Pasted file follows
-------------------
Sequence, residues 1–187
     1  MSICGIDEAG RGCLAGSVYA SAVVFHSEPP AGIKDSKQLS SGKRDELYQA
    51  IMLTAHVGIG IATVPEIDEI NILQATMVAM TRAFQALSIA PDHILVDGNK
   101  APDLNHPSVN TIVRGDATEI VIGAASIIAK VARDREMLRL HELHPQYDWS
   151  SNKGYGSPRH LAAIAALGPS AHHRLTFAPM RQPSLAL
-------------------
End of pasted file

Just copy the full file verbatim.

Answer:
Sequence, residues 1–187
     1  MSICGIDEAG RGCLAGSVYA SAVVFHSEPP AGIKDSKQLS SGKRDELYQA
    51  IMLTAHVGIG IATVPEIDEI NILQATMVAM TRAFQALSIA PDHILVDGNK
   101  APDLNHPSVN TIVRGDATEI VIGAASIIAK VARDREMLRL HELHPQYDWS
   151  SNKGYGSPRH LAAIAALGPS AHHRLTFAPM RQPSLAL